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All American Game : : Story
Versatile Smelter has big decision to make
Jim Ecker        
Published: Wednesday, July 08, 2009

DeAndre Smelter is an exceptional baseball player, an exceptional football player and an exceptional basketball player. Some of the top colleges in the country want him to join their baseball team next year, while others want him to join their top-20 football program. Some schools want him for both sports, and he could probably play some Intramural basketball during the winter as well.

Smelter might not make it to college, however, because he’s viewed as one of the top high school prospects for the 2010 major league draft. He’s been selected to play in the Aflac All-American High School Baseball Classic at PETCO Park in San Diego on Aug. 16, one of 40 top-notch players who have been picked from around the country.

Smelter, 6-2, 205, excelled in all three sports at Tattnall Square Academy in Macon, Ga., this past year as a junior, but he’s not sure if he’ll continue to diversify as a senior. The time for a decision could be coming, although in a perfect world he’d continue to play all three.

“I just like going out and having fun with my friends,” he said.

He’d love to play football this fall, but isn’t sure if that would hinder his baseball career or not. “That’s going to be a tough decision,” he told Perfect Game.

Smelter has already set Tattnall school records for interceptions and receptions, and on the baseball field his 97 mph fastball and 83 mph splitter have the scouts drooling. He’s been all-state in all three sports and has thrown multiple no-hitters.

“There’s no doubt he’s got the arm strength to pitch in the big leagues,” said Kevin Brown, his pitching coach at Tattnall who won 211 games during his major league career. “That’s a good arm in any league, at any level.”

Brown and Tattnall Coach Joey Hiller have been very careful with Smelter’s talented right wing. They didn’t let him throw breaking balls until he was 16 years old and a sophomore, mostly to protect him and make sure he stayed healthy. “He throws 95,” said Hiller. “Why should he throw a breaking ball in high school? He can win without it.”

There’s another reason they’ve been extra-careful with Smelter. As a three-sport star, he’s always been jumping from one sport to the next, with little time to properly train for the next season.

“From a baseball standpoint, he’s never been really able to focus on pitching,” said Brown, 44. “He’s never really had enough time, going from football to basketball to baseball. To be able to do what he’s done with one pitch, it shows how good his arm is.”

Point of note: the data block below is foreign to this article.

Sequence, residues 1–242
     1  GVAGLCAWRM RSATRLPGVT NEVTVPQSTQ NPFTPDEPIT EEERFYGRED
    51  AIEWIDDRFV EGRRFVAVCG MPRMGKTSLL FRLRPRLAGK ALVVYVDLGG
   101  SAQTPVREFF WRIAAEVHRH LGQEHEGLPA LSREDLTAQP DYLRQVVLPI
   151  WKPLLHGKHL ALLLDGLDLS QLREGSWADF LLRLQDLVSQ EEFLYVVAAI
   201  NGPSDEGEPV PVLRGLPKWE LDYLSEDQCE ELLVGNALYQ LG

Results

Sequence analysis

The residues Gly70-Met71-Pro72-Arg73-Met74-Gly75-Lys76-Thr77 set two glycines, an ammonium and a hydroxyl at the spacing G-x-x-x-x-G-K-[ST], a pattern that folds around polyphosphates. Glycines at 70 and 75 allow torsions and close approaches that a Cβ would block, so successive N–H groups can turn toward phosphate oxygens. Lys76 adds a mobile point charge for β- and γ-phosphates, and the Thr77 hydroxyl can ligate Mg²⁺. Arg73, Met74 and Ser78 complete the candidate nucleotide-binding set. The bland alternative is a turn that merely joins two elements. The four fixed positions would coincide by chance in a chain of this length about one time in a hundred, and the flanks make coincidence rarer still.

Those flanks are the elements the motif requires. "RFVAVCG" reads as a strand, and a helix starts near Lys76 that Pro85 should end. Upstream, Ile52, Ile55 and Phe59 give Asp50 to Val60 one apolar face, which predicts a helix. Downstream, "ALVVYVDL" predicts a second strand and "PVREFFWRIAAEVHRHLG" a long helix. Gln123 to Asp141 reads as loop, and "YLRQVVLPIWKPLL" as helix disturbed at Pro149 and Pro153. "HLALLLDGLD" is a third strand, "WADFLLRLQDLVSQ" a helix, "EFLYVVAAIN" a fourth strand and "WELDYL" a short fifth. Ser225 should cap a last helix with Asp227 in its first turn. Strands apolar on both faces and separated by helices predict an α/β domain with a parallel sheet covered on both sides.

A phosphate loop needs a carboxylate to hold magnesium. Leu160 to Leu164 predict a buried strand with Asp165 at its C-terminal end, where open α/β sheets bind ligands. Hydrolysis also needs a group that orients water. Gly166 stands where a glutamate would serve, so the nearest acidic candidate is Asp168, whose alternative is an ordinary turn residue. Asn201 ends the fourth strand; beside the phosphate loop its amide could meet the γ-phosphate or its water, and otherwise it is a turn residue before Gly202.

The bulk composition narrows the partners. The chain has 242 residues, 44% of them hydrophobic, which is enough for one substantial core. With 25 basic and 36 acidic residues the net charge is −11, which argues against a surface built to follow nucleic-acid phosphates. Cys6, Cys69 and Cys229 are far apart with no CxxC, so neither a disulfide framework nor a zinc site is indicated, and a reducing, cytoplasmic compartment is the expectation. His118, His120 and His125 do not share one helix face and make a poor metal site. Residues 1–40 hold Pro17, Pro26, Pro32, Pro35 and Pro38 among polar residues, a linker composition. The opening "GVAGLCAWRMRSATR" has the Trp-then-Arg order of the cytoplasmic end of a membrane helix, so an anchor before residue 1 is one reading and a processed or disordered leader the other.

Although Smelter likes all three sports, he clearly likes baseball the most.

“Yes, sir, baseball is my favorite,” he confirmed. "It’s just kind of grown on me. Ever since I was 3 years old, I’ve been playing it. I remember I hit my first home run in T-ball.”

A lot of young kids (and some parents) think it’s a home run in T-ball if you hit a ground ball to the shortstop and run all the way around the bases. Not Smelter. “No,” he said, laughing, “it went over the fence.”

Smelter can squat 375 pounds, bench-press 250, jump 32 inches in the air and run the 40-yard dash in 4.6 seconds, one of the many reasons that Georgia, Georgia Tech, South Carolina, LSU, Maryland, North Carolina State and Stanford covet his services on a football field. He intercepted 11 passes as a sophomore in 2007 and scored 19 touchdowns last year as a junior. He’ll be remembered as one of the best football players in school history, even if he never plays another down.

Baseball is calling.

“I think his best sport is baseball, even though he’s great in football,” said Hiller. “He’s just a phenomenal three-sport athlete, but I think baseball is his ticket.”

Brown played high school football until he hurt his knee, but doesn’t see anything wrong with playing a variety of sports in high school.

“I think it really depends on the individual,” he said. “What a kid enjoys comes first. What they want to do, that comes first.”

Brown has worked with Smelter for three years. He said Smelter was more of a shortstop than a pitcher as a freshman, then gained a lot of velocity between his freshman and sophomore years. “He was already ahead of the curve, but he made a big jump,” he said.

Smelter said he’s enjoyed working with Brown and has learned a lot.

“Mainly he’s taught me about mound presence,” he said. “He told me you shouldn’t ever let them know your emotions. Even if things aren’t going well, they shouldn’t be able to tell from your facial expression.”

Apparently, that hasn’t been a problem. First of all, things usually go very well when Smelter is pitching. And secondly, he’s not the type of guy who gets visibly upset.

“I’m a pretty mild-mannered guy,” he said. “It takes a lot to get me flustered.”

Brown said Smelter has been a joy to coach. Smelter is a hard worker, and lists his greatest off-the-field achievement as helping disabled children play baseball.

“If anybody wanted a role model, he’s a good guy,” said Brown. “I’ve never really seen him get upset. And he’s very competitive.”

Brown thinks Smelter can go a long way in baseball. “He definitely has the raw ability,” he said. “There’s no doubt about it. He’s got the arm to play in the big leagues.”

Hiller will hate to see him go after the 2010 season.

“He’s a once-in-a-lifetime kid,” said Hiller. “He’s the type of kid you dream about coaching.”


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